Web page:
By Emmanuel Omona PaOkech
As the country grapples with a gloomy economy, a group of youth in Gulu town who at first experienced the pangs of joblessness has come out with an ingenious way of making money from old car tyres.
The Gulu youth group in town recycles used tyres into sandals commonly referred to as War- Motoka in Luo, and Lugabire in Luganda.
Mark Ocan 50, one of the youth has been recycling used tyres for over 20 years now.
Ocan said that he begun recycling the old tyres since 1995 when he took refuge in Gulu town during the time when the LRA insurgency tense.
Ocan could no longer bear the brutality orchestrated by fighters of the Lord’s Resistance Army. So, he moved to Gulu and joined the shoe-makers.
Ocan said that the idea was introduced by the Karimojong men who were living in Gulu town.
“At that time it was only the Karimojong men and most of the Acholis in Gulu were engaged in Agriculture and other activities”, Ocan said.
Ocan added that, “I can only remember the name of the Karimojong man who was well known for recycling used tyres, his name was Kalang”.
“I receive between 10 and 20 clients every day. With each pair of sandals going for about shs 4,000, you can imagine the kind of money I make,” says Ocan as he makes sandals.
Paul Onyegiu, the chairman of the Otok Youth Group, which unites the shoe-makers, says the association has over 100 members who are mainly youth.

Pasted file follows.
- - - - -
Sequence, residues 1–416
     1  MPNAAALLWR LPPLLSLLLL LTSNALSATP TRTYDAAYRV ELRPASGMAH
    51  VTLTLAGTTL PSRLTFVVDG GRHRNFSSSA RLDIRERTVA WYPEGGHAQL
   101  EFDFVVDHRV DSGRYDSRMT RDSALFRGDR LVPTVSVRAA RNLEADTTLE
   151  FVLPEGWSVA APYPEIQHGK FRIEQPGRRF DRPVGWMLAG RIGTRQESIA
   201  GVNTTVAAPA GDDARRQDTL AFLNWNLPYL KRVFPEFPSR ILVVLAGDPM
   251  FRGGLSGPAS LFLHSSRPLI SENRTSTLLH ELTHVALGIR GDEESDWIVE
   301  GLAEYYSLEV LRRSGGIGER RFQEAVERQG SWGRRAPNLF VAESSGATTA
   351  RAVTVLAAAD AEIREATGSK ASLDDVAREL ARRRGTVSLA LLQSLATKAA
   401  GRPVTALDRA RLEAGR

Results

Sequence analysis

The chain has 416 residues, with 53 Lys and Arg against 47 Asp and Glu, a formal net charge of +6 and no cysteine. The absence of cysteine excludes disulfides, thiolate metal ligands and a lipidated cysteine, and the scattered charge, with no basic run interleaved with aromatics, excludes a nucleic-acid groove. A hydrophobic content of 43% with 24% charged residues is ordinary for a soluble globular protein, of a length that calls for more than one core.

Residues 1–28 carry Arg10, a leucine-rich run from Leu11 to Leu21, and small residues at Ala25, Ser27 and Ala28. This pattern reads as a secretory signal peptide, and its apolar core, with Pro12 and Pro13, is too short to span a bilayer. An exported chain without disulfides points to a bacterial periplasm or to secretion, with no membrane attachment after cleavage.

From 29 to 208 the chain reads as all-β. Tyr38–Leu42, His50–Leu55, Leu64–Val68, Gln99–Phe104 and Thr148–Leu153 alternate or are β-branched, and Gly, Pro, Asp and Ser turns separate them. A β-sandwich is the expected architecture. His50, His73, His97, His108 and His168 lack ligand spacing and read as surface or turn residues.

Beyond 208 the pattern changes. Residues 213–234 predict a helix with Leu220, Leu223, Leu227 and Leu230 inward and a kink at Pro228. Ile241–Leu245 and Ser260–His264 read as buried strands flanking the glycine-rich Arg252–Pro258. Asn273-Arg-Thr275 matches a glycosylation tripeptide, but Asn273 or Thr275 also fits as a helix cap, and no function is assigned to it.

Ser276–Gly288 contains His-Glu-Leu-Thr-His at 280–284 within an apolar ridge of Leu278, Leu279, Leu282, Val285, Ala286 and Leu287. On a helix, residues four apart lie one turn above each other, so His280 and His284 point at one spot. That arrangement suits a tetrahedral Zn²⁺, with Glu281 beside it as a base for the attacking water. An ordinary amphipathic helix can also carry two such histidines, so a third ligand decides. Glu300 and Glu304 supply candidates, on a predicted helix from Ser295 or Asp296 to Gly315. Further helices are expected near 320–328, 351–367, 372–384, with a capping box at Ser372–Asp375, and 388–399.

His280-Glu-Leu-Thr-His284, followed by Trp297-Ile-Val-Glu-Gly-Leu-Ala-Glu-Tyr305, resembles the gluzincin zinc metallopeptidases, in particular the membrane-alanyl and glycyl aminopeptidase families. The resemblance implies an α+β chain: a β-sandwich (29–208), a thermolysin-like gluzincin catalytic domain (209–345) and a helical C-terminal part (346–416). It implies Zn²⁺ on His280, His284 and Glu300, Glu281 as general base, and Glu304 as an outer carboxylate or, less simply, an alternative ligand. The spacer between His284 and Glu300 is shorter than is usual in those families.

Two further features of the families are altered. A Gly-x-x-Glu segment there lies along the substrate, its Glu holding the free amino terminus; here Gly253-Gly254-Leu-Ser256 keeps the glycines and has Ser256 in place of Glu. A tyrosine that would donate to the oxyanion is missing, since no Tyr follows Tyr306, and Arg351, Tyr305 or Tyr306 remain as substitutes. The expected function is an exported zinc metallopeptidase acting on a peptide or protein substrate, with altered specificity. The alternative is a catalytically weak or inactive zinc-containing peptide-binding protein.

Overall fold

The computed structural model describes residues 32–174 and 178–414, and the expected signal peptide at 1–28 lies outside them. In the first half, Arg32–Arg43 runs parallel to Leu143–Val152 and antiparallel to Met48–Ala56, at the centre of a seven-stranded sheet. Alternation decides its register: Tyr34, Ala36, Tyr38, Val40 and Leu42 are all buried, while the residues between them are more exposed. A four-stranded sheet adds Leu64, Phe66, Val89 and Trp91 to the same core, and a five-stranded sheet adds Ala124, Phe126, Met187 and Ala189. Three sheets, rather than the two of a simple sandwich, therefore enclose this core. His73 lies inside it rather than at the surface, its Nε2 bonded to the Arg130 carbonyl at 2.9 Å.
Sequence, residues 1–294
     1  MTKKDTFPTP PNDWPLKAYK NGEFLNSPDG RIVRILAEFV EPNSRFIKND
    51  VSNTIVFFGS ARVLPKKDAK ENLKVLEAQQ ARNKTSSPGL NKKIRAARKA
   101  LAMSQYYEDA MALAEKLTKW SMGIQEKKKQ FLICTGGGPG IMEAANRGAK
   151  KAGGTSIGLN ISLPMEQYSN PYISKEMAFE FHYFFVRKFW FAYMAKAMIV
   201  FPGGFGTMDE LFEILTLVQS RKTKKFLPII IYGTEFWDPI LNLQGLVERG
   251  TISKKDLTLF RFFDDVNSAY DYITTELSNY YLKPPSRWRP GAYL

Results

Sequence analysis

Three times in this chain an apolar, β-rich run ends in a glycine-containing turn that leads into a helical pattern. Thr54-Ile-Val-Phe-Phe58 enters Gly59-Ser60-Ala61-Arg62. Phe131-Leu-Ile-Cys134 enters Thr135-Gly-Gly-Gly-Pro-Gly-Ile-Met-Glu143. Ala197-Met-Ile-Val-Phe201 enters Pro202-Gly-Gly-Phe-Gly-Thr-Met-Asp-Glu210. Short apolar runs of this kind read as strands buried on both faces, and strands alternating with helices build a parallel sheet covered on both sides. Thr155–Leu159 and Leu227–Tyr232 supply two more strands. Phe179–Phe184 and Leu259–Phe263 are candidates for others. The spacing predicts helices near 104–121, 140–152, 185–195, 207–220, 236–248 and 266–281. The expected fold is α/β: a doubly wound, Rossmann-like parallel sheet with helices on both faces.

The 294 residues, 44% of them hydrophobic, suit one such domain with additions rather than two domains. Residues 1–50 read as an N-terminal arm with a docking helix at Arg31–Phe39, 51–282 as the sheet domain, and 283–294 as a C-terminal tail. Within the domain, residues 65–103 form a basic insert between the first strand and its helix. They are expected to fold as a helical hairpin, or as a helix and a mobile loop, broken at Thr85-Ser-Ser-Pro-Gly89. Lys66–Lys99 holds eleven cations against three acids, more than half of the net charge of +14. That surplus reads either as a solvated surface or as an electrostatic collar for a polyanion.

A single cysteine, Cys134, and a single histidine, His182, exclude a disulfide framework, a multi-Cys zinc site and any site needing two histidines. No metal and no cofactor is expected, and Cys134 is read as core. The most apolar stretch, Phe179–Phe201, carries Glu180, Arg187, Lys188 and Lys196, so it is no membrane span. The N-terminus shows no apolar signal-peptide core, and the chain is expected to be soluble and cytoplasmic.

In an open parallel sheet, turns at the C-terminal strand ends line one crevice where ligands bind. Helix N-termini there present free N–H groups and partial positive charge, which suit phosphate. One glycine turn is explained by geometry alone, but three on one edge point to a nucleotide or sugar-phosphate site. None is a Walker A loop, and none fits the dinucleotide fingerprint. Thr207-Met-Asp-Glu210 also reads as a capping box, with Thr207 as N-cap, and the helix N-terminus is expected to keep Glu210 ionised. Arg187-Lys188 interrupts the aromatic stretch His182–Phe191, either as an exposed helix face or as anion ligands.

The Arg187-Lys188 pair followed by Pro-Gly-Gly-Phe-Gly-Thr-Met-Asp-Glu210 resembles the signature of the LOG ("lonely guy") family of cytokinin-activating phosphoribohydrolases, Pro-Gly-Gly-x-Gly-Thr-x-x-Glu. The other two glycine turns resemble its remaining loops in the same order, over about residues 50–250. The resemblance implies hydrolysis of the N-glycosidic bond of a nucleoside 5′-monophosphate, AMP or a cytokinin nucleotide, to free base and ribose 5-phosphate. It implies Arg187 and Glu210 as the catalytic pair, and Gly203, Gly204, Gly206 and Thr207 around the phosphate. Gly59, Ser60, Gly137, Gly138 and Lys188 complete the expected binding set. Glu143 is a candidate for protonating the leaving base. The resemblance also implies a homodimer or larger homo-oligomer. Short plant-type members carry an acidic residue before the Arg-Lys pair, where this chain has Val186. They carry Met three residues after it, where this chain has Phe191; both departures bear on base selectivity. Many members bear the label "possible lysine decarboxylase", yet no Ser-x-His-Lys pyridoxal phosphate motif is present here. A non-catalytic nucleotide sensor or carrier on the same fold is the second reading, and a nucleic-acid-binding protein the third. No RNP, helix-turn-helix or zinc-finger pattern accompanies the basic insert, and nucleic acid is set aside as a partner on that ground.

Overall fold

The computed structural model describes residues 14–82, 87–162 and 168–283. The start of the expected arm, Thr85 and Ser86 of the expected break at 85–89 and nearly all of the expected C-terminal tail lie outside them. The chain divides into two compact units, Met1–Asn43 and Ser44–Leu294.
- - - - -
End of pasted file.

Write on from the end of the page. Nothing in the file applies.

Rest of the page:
He says the association has calmed the district of the burden of unemployment and hooligan.
However they face a number of challenges. “We have so many sharp things here, so every time we get accidents while cutting a tyre”, Onyegiu explained.
He also noted that some times the youth becomes idle when the old tyres are not in the market this makes them roam around to look for used tyres”.
“Sometimes back, there were a lot of hooliganism in the group and we are still trying to eliminate it through many ways”, Onyegiu explained.
He said that as one of the ways to instill discipline in the Association, they have decided to give a fine to any member who fights while at work.
“For that matter, anybody who fights is fined sh100, 000,” he said.
The money goes to the coffers of the association, whose members also contribute sh30,000 every month.
“This money is used for treating our members in case of a serious accident during work or illness. We also transport bodies of our colleagues in case of death,” Onyegiu explains.
Another challenge the group is facing is space to store their raw materials.
Because of the big number of members in the Association, they have since failed to get a store and each member keeps their raw material alone.
Onyegiu is planning to link the Otok Youth Association to micro-finance organizations so that they can get more funds to expand their businesses since they are capable of earning a living every day.